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As more biosimilar agents are approved by the FDA, biologic manufacturers are looking for unique ways to hold on to market share.
Thanks to the 2010 Biologics Price Competition and Innovation Act (BPCIA), biosimilar developers got an abbreviated regulatory pathway for biosimilar approval from the FDA. But this legislation also provided a strong litigation framework for pharmaceutical companies to protect existing biologic patents.
Since the first biosimilar was approved in 2015, the industry has seen a steady uptick in patent disputes. Given this significant activity in the courts, with a number of challenges and appeals currently being litigated, many biologic innovators are looking for untraditional ways to maintain their market share as more biosimilars receive FDA approval. Given the slowly turning wheels of justice, Mark Ginestro, principal and strategic advisor for healthcare and life sciences at KPMG, says it makes sense that companies are trying new tactics.
“Big, branded drug manufacturers have the money to get out there in ways that biosimilar companies simply aren’t budgeted to do,” he said. “They are looking at what’s worked in the past to compete when generic drugs came to market-and also coming up with new ways to hold on to market share.”
Here are three ways biologic innovators are trying to protect their turf from biosimilar competition.
1. Contract negotiations and discounts
Ginestro says that many pharmaceutical companies are engaging in “proactive” contracting once they hear that a biosimilar launch is imminent. Sacrificing top line profits in order to preserve market share.
“They want to lock in that market share and lock out potential competition,” he said. “The branded companies are in a position where they’ve already made their investment. They can, in many cases, manufacture large quantities of a particular biologic well ahead of time so the cost of sale is very low-and that gives them the ability to take a significant discount when negotiating contracts.”
Consider the recent Janssen lawsuit, Ginestro says. With their biologic drug, infliximab (trade name Remicade), Janssen had what basically amounted to a monopoly on the market. When both Pfizer and Merck received FDA approval for biosimilar versions of the drug, Janssen was able to maintain their hold on the market through exclusive contracts and bundled discounts in exchange for payer agreement not to cover biosimilars. Pfizer and Merck have since filed an anti-trust lawsuit, suggesting Janssen’s tactics violate anti-competition laws. While many thought a settlement would be reached late last year, the case remains in litigation.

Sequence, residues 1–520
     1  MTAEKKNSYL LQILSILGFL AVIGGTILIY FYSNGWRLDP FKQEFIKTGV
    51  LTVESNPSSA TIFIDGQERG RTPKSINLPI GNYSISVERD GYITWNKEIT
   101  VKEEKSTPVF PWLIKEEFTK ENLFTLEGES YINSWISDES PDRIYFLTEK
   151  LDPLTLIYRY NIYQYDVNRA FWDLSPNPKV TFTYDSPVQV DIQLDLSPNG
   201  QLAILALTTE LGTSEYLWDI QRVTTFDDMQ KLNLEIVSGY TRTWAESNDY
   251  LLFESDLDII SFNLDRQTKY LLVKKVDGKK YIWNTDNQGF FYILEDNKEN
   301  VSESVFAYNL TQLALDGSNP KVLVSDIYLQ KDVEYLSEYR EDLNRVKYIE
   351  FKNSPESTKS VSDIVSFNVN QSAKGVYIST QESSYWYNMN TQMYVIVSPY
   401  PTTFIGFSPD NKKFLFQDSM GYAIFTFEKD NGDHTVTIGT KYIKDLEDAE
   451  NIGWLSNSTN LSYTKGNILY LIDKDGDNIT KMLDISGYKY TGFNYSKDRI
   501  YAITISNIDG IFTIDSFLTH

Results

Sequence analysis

“The courts will end up deciding whether this kind of approach is anti-competitive or not,” says Ginestro. “But as a branded drug, you’ve got a lot of power when you’re the only product on the market-and many of the biologic companies aren’t afraid to use it when negotiating contracts with insurers.”
2. Life cycle management
When generic drugs started hitting the market, many pharmaceutical companies worked to differentiate their original offerings with innovative delivery systems. Many of the unique pen injectors and transdermal patches came from pharmaceutical companies looking to hang on to their market share in the face of cheaper generic options. Ginestro says we are seeing similar life cycle management strategies with biologic drugs, as well.
“Amgen just released a self-administered option for Neulasta,” he says. “It’s very attractive to patients who don’t want to keep making trips to the clinic for a dose and it’s attractive to payers because it’s cheaper than having to pay a professional to do the injection.”
Developing these kinds of new delivery or alternate dose systems has been challenging for biologic companies, says Ginestro. But, that said, he believes this is another place where branded companies can differentiate their products from up-and-coming biosimilar options.
3. Education and marketing
As part of contract negotiations, Ginestro says one interesting byproduct of contract negotiations is that biologic innovators are broadcasting a message of uncertainty to the physician community.
“There’s a lot of communication about the risks of biosimilars and the fact that they are not the same as the biologics,” he says. “The branded players are getting that message out there.”
He states that, even if you disagree with the effectiveness and ethics of direct-to-consumer advertising, this is another place where branded companies have the means-and the will-to make sure the original biologic remains the go-to drug for clinicians and payers.
“These companies put together big programs at conferences, they reach out to the different physician groups-they are spending a lot of money to market these drugs,” he said. “The biosimilar folks aren’t geared up for these same kind of marketing pushes. They also tend not to have the budget to do it.”
As more biosimilar drugs come to market, it is likely that the industry will see even more creative approaches to protecting market share, Ginestro says.
“This really is more of a branded competitive marketplace than a generic one,” he said. “Biosimilar manufacturers need to treat this like a brand launch-complete with sale to marketing support, strategic selling, and targeted messaging. It’s going to be much more of a push for biosimilars than a pull.”
Kayt Sukel is a science and health writer based outside Houston.